By Charles Murray – A new reference platform promises to speed the development time of automotive radar devices for adaptive cruise control, automated braking, and automated steering.
NXP Semiconductors N.V., maker of the new platform, says that it provides engineers with a more direct path to production than any previous product.
“They can kickstart their development activities and accelerate the time it takes to develop a product that can be deployed into production vehicles,” Colin Cureton, senior director of product management for ADAS at NXP Semiconductors, told Design News.
NXP is timing the product rollout for a huge anticipated increase in the use of automotive radar systems. Today, radar is employed in automated braking systems that detect pedestrians and cyclists in front of and behind vehicles, as well as in automated emergency steering, cross-traffic detection, and child detection.
In the near future, many vehicles are expected to deploy radar on the front and rear, as well as on all four corners. NXP predicts that overall use of automotive radar will jump from 24 million units shipped worldwide in 2016 to 168 million units in 2025—a seven-fold increase. more>
Posted in Broadband, Business, Economic development, Education, How to, Science, Technology, Transportation
Tagged Business improvement, Electronics, Microprocessor, NXP Semiconductors, Radar, Technology
By Bolaji Ojo – It’s a justifiable question. The Qualcomm–NXP trip was an expensive sortie: Qualcomm has paid $2 billion in mandatory break-off fees to NXP, but the bill for the hidden costs may be much higher. For nearly two years, the communications IC and IP supplier and its target endured prolonged uncertainties. Even now, the spasms from customer disruptions remain strong while many employees, though heaving a sigh of relief, must figure out where they truly belong in the enterprise.
Qualcomm is moving on resolutely from the NXP debacle. It must. However, the implications and lessons — if any — are industry-wide. One of the largest acquisitions in the history of the semiconductor industry foundered because of oppositions from various fronts, including customers who might have benefited from it. Simply dumping the blame on nebulous factors and faceless regulators will result in the industry learning nothing from the experience. Perhaps the transaction was destined to fail. Perhaps it could have been better managed and successfully, too. A thorough assessment of why this deal collapsed would offer lessons that can be applied to future deals.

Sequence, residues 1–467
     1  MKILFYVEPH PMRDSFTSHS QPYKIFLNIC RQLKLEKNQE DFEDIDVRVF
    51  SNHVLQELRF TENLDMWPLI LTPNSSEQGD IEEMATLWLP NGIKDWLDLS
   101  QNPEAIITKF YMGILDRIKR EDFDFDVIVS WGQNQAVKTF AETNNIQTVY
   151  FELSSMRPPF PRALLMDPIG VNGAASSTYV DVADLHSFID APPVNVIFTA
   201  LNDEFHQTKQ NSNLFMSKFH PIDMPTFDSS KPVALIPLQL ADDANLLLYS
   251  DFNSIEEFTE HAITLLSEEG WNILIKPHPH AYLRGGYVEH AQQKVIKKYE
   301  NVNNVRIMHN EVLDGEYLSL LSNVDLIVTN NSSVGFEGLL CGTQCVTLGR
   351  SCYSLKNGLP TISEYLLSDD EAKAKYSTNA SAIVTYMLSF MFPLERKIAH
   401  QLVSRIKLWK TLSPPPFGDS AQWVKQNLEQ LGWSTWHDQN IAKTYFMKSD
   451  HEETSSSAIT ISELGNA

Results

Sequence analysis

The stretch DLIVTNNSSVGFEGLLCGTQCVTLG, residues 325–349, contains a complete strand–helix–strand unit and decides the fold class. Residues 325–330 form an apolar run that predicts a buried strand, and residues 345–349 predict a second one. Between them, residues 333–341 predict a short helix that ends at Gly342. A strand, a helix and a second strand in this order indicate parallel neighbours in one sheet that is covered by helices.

There are no signs that Qualcomm will conduct a detailed analysis of why and how the bid unraveled. It is easier — again — to simply toss more money at stakeholders and move on. NXP’s management and shareholders who had tendered their equity could slake their thirst with $2 billion in Qualcomm’s money. more>
Posted in Broadband, Business, Communication industry, Economy, Net, telecom
Tagged Broadband, Business, Capital, Manufacturing, NXP Semiconductors, Qualcomm
By Charles Murray – A coalition of automakers and automotive suppliers said recently that they are forming a special interest group (SIG) aimed at driving broad-scale adoption of Ethernet in vehicles, largely to serve the expected boom of camera-based applications in cars. At the same time, NXP Semiconductors announced that it is licensing Broadcom Corp.’s BroadR-Reach Ethernet technology, which would enable automakers to run a two-wire, twisted-pair type of Ethernet, instead of the four-wire type we’ve come to know in laptops. more> http://twurl.nl/vbawo2
Posted in Economic development, Net, Product, Technology, Transportation
Tagged Automotive industry, Broadcom, BroadR-Reach Ethernet, Data Communications, Electronics, Ethernet, Net evolution, NXP Semiconductors, Special Interest Group, Test & measurement